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St. Saba's monastery in the Judean desert
  Between the fifth and the seventh centuries, the Judean Desert showed a remarkable concentration of monastic foundations, with no less than seventy monasteries scattered in its plains and rocky slopes. Judean monasticism reached its peak under the leadership of and St Sabas,directed the cenobitic monasteries (monasteries in which monks lived and worked together) in the Jerusalem region; he had come from Caesarea of Cappadocia (Asia Minor), and had established a large coenobium (476), renowned for its hospitality and social awareness. Sabas was in charge of the Palestinian lavras, that is loose communities of monks living separately, but sharing prayers and meals on weekends) and anchorites. He was a hermit, and had lived many years secluded in the desert. His monastery (established in 483) develloped around an isolated cave, and attracted monks from Armenia, Isauria, and other remote places. Initially, it consisted of dispersed cells, but it expanded quickly with the building of churches and dependencies untill it came to be known as the Great lavra (today Mar Saba). Sabas and his disciples founded ten other monasteries, eight in the Judean Desert.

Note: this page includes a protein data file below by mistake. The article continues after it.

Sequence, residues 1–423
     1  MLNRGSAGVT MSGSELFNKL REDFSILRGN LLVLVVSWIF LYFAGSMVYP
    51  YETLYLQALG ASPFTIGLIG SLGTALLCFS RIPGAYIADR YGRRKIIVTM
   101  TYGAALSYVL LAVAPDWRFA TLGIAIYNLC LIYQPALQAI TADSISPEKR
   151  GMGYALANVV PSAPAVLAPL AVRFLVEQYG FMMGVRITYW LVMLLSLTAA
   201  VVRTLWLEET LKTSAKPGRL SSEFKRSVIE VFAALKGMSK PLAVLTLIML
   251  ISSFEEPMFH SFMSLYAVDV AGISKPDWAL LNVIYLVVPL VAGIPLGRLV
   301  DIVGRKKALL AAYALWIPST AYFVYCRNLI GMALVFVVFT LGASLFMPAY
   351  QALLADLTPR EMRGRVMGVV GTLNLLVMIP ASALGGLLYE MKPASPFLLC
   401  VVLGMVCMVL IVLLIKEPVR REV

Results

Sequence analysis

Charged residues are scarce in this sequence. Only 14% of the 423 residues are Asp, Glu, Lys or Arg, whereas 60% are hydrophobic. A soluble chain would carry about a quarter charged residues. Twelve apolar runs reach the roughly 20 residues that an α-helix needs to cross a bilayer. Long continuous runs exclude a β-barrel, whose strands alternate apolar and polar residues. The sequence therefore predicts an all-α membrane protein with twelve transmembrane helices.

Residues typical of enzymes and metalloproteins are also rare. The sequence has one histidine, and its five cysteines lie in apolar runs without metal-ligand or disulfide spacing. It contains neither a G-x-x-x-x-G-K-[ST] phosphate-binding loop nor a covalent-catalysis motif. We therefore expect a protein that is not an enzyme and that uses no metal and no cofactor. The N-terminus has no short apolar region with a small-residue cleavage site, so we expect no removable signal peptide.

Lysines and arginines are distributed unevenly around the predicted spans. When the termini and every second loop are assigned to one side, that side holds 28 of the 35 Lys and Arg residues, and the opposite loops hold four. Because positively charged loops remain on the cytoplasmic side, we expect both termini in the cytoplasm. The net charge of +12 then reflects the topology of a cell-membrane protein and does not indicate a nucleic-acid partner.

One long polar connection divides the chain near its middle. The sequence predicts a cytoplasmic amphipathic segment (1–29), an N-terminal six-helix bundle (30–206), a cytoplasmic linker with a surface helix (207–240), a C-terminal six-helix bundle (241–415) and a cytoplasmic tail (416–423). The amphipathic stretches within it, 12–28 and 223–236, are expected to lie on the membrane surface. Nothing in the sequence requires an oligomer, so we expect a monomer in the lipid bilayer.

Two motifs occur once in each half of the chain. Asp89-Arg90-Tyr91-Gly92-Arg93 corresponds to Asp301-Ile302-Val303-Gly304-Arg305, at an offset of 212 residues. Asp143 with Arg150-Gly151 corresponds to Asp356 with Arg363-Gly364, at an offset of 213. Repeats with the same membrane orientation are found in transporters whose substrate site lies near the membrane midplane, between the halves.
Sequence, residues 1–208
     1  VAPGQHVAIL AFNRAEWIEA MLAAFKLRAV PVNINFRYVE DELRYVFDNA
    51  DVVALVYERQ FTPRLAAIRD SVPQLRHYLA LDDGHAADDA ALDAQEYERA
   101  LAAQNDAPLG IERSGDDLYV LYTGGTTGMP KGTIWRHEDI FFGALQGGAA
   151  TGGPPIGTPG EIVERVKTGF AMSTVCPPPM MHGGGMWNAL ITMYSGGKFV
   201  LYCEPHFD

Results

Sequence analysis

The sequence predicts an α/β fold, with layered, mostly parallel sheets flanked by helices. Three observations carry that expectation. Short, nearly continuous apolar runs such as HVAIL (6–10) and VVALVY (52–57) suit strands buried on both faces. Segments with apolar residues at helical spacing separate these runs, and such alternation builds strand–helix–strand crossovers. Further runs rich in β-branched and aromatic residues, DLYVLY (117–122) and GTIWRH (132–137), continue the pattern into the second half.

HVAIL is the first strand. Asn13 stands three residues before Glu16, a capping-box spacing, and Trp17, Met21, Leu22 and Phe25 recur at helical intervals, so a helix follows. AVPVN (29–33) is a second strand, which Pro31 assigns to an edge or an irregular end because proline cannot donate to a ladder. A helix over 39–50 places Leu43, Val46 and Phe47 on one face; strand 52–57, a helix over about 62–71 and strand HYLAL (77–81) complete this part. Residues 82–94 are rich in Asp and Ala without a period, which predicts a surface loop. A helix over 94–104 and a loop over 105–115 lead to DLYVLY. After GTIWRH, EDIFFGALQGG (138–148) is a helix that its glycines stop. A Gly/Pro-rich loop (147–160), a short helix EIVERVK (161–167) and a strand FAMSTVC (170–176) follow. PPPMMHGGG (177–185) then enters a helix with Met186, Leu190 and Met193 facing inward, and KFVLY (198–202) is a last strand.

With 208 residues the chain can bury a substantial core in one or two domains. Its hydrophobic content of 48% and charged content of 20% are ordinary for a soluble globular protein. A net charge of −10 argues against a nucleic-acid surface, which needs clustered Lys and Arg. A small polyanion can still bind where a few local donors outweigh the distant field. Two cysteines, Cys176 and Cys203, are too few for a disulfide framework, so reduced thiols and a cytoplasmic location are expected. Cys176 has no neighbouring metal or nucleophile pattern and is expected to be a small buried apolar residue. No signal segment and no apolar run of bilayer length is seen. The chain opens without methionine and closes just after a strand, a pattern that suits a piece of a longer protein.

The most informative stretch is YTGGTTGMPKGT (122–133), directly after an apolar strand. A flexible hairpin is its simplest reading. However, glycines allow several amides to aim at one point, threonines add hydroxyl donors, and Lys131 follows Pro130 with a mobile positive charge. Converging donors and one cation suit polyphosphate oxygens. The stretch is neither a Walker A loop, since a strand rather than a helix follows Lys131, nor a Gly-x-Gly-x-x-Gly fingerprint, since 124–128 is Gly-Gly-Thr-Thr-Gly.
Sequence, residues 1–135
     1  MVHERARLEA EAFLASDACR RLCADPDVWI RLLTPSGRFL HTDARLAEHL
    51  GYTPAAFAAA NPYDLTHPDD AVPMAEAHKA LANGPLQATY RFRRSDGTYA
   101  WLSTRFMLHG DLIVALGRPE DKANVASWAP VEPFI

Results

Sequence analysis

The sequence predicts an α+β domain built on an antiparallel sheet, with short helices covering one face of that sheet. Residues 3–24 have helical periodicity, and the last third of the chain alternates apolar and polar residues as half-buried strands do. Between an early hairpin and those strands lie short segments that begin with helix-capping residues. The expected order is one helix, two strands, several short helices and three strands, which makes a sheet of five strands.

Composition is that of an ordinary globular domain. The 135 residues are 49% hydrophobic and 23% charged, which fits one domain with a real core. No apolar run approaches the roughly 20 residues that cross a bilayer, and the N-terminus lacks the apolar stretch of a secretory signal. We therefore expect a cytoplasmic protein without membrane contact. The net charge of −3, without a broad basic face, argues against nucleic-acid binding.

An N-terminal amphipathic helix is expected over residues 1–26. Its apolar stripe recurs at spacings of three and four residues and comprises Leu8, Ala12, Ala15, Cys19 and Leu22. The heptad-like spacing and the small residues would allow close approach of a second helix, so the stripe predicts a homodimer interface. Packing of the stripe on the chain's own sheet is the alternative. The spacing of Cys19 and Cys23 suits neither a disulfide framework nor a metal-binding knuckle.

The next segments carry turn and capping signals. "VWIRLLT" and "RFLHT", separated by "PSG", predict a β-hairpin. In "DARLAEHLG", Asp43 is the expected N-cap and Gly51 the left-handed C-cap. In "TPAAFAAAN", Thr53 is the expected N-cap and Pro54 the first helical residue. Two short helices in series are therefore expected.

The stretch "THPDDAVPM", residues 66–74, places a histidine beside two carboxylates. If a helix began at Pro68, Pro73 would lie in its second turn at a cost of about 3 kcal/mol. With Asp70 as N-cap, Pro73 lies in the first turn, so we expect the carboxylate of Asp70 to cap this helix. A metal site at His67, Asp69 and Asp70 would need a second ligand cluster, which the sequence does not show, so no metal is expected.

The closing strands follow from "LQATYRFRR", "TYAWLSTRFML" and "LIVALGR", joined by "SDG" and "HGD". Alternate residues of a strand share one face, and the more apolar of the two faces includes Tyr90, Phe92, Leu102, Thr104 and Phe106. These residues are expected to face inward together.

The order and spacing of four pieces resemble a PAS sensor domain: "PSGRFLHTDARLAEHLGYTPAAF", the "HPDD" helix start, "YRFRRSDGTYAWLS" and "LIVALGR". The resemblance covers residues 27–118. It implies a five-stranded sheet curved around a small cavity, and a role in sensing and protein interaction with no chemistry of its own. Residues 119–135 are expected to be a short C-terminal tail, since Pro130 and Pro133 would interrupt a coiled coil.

The Great lavra was the spiritual centre for the patriarchate of Jerusalem and for Palestinian monasticism in general. As a supporter of Orthodoxy, Sabas travelled to Constantinople in order to persuade emperor Anastasios (491-518) to abandon his support of Monophysitism. His attempt remained fruitless, but he was visited at Constantinople by Anicia Juliana (511/512), whose eunuchs entered Sabas' monastery after her death. Justinian initiated numerous building projects in the monasteries of the Judean Desert, possibly under the influence of Sabas who was again in Constantinople in 531. The present Mar Saba monastery is a remnant of the large and densely populated Early Byzantine establishement. It comprises two churches, the tomb of St Sabas, a refectory and kitchen, a bakery, a hostel, and several storerooms, cisterns, and cells. Associated to the monastery, and scattered in the surrounding wilderness, were no less than forty five dwellings of hermits (hermitages), many of which formed spacious compounds, consisting of cells, water reservoirs and chapels. Each compound was inhabited by a lone monk, or by an old hermit and his disciple or servant, or monks with the same ethnic or religious background.